I often ask Rose questions. "What's new?" I'll say. Sometimes she'll chirp in response. Like in human-to-human conversation, her response sometimes leaves me responsible for interpreting just what in the heck she meant, but with her I can usually quite comfortably fill in the blank. Also like with human-to-human conversation, I most often fill in the blank with how I would have responded had she asked me "What's new?" I am usually fine and I didn't ask to encourage existential clarity. I might have just been filling up what sometimes seems a gaping void of a space when I return to an otherwise empty house or endlessly empty room. Rose is there, doing her best to fill up those otherwise empty spaces, if not with her actual presence (she hides out in secret places through much of many days) then with her shed fur, which seems to cover everything. I have yet to try to engage in a conversation, meaningful or otherwise, with her shed fur.

Rose, like most of the rest of us, favors the non-verbal kind of communication. Her lack of broad vocabulary elevates her tail twitches and strict routines into a part of the ongoing conversation. She's my alarm clock, barking just before my alarm goes off every morning. She's bee-lining straight to her food bowl to remind me to refill it, even if it's already full from the night before. She's scratching at the sliding door begging to stick her nose outside even if it's snowy out there and we both know she won't do more than sniff before returning to nosing around her food bowl. She seems to be constantly complaining, keeping up a yappy commentary about everything she encounters. Some might interpret these vocalizations as crying or complaining and I admit that I quite often council her to "Shut up," in response. Her extroverted self talk can seem like so much grousing, just like in human-to-human conversation. I sometimes don't want to hear that first thing in the morning.

I appreciate Rose for being here to chat with. The alternative would be for me to engage in these extended conversations with myself which would doubtless prove no more enlightening or entertaining. When I pat my lap, Rose will very often move to inhabit it, though usually staying for no more than ten minutes before hopping down to curl around her catnip mouse in front the gas fireplace to snooze, her coat just beneath the kindling temperature of fur. I could take offense at her short stay and set off to wondering how I might make my lap more long-term acceptable, but I only rarely bother. She will be back when it suits her, probably after my laptop rewarms my lap again.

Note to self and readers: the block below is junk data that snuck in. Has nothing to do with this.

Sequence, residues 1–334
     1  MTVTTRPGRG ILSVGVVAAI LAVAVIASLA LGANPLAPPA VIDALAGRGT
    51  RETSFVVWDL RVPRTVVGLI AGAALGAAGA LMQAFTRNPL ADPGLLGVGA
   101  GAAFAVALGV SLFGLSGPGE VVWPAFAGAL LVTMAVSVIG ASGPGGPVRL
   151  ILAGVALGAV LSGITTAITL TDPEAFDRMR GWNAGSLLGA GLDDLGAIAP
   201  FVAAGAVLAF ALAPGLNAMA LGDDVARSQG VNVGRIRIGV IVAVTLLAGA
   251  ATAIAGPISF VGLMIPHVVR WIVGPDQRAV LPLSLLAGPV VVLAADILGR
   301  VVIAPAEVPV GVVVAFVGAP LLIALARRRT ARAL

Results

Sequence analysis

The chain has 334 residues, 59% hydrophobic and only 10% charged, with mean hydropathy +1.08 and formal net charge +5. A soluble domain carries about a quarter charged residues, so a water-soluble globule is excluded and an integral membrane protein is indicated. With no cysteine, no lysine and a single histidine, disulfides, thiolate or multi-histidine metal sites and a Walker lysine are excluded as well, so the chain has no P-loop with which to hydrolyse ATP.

My ConverSayShuns with my cat refresh me. They remind me that whomever I'm conversing with, I'm mostly talking with myself since I'm the one interpreting the incoming and transmitting the outgoing. My partners in conversation seem almost placeholders in a larger, subtler medium, as I am to them, too. I think it perfectly acceptable and not even a little bit any evidence of insanity that I spend so much time by myself. As a dedicated introvert, I sense that I'm always by myself anyway, no matter how many others (each also by themselves) surround me. I sometimes talk to my garden, too, and it "speaks" back to me, and we both seem to be having such a fine time sharing our separate perspectives. Rose probably knows more about me than any other living being and she still consents to sit on my lap for almost ten minutes at a time, the Weasel Head, anyway.

©2018 by David A. Schmaltz - all rights reserved